It doesn't matter that the Great Recession may technically be over. For millions of American families facing foreclosure and unemployment, the figures showing nascent GDP growth are of little comfort. Florida is worse off than most states, with an 11 percent unemployment rate that translates into more than a million people out of a job. The state also ranks fourth in the nation in the proportion of households in foreclosure. It may be getting brighter elsewhere, but it's still pretty gloomy in the Sunshine State.
More help may be on the way from Washington. Congress appears poised to approve some sensible ideas that could nudge the recovery along, although the Senate was still arguing over the details late Wednesday. But some other proposals are gimmicky and based more on politics than sound policy.
One idea that should not go anywhere is President Barack Obama's plan to give all recipients of Social Security a $250 lump-sum payment. Obama justifies this $13 billion bribe to seniors on the grounds that there will not be a Social Security cost of living adjustment next year. The bonus would go to wealthy and comfortable seniors, as well as to those who are not well off, meaning that a big chunk of the money would be saved or used to pay off old debt. That won't stimulate the economy any more than the stimulus checks that were passed out like candy to all taxpayers.
The millions of jobless Americans are more likely to spend every dime of added unemployment benefits. Despite extensions that have expanded benefits from the typical 26 weeks to 79 weeks in some states, including Florida, 2 million people would run out of unemployment benefits by the end of the year without an extension. An extension passed in the House and moving along in the Senate would grant 14 weeks of extra aid, plus another six weeks in high-unemployment states such as Florida. The measure has been stalled for weeks by Republicans who want to offer unrelated amendments.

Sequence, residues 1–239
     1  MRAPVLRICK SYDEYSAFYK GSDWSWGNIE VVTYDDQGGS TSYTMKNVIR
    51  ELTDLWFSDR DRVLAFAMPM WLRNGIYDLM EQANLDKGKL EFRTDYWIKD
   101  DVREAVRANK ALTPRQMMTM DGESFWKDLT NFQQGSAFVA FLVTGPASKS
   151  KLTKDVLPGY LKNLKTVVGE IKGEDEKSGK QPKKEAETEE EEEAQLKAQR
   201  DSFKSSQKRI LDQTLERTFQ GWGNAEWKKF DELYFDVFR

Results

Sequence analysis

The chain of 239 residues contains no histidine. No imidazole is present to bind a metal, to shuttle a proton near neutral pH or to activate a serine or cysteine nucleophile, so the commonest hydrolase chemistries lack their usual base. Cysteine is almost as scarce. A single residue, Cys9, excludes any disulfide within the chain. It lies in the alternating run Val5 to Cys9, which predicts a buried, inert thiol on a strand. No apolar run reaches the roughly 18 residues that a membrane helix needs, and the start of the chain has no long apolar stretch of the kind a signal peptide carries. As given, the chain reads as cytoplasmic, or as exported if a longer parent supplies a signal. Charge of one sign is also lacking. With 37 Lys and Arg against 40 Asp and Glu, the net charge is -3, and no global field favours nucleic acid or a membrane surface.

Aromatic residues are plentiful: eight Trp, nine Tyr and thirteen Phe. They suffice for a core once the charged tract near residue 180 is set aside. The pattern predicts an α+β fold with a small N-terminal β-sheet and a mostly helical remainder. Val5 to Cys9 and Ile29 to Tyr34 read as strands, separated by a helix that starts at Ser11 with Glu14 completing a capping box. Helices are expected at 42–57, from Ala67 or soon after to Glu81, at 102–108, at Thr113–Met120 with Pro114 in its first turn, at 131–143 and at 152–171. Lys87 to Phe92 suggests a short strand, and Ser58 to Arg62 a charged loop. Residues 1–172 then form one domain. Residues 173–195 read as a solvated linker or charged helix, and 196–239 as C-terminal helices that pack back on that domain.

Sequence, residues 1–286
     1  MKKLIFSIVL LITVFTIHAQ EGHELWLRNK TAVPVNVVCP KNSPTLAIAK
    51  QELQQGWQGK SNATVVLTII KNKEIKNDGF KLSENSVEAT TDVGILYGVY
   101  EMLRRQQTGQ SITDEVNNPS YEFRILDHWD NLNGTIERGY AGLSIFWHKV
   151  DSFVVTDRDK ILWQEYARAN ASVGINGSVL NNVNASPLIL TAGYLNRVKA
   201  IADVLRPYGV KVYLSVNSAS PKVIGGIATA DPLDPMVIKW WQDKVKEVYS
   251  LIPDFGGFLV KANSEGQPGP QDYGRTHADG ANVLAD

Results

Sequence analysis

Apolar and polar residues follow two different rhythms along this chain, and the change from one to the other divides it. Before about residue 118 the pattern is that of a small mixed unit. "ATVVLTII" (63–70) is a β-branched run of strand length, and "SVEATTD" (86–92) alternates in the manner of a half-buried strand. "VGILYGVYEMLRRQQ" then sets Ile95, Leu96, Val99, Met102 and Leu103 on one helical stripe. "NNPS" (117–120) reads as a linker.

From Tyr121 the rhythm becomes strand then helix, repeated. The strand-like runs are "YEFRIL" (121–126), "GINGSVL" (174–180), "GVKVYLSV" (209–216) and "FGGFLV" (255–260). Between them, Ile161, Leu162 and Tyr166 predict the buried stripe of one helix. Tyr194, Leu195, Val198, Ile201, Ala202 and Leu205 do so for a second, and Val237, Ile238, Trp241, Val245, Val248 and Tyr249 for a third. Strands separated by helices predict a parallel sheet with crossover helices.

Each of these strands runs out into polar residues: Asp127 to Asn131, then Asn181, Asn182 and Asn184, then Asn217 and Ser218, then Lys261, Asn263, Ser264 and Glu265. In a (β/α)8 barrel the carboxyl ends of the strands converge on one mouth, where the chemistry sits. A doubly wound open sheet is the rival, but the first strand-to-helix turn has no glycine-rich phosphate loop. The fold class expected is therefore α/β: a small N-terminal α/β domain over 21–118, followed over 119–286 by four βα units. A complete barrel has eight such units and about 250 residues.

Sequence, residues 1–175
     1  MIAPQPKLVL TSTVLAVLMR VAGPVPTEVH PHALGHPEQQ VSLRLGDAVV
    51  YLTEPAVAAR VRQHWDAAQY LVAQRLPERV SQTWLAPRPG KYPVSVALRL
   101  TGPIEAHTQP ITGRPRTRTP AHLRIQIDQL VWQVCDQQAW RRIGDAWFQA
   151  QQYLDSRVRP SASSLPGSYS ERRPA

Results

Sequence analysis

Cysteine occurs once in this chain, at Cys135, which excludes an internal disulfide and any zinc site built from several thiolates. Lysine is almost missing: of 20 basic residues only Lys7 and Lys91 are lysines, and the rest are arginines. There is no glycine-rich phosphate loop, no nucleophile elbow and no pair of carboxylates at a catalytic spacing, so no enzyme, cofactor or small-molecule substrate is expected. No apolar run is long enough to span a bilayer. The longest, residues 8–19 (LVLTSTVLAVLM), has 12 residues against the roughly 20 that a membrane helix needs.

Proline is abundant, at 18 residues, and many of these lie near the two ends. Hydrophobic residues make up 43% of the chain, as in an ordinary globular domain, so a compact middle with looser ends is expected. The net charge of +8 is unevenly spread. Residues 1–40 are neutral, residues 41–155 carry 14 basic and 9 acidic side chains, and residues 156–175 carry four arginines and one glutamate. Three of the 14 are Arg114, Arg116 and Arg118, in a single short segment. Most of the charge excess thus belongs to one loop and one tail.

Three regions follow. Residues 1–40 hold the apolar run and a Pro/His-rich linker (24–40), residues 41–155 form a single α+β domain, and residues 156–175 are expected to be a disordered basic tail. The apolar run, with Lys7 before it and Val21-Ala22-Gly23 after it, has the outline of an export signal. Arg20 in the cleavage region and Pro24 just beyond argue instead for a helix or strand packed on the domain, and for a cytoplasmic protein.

Another important provision of the same bill would make it easier for businesses losing money to write off losses against profits they earned in better times. Already, businesses that qualify can obtain refunds by applying current losses to two prior years of taxable profits. The Senate bill would reasonably extend the retroactive period another two or three years, although the details were still being debated late Wednesday. Such a change in tax policy would give businesses more capital to invest now and a bit more breathing room until the economy recovers.
Ultimately, one of the biggest keys to reviving the economy, particularly in Florida, will be stabilizing the housing market and lowering the number of mortgage foreclosures. The Obama administration has established creative programs to encourage banks and loan servicers to modify mortgages for homeowners on the brink. The Making Home Affordable program recently reached the goal of 500,000 trial mortgage modifications. But with 4.5 million homeowners in foreclosure or headed there, more is needed.
The experience of too many homeowners seeking modifications is of lost paperwork, arbitrary denials and frustrating telephone encounters with overwhelmed lenders. One way to give homeowners a bit of bargaining power is to allow bankruptcy judges to modify mortgages, as they can all other loans. Banks and Republican lawmakers have been vigorously opposed to this change. Maybe that's a clue that it would be highly effective in getting banks to negotiate.
A recovery that includes job creation won't happen any time soon without more immediate government intervention. While the administration and Congress should consider more ways to lessen the pain for families and businesses, they should also take care in distinguishing good policy from simply good politics.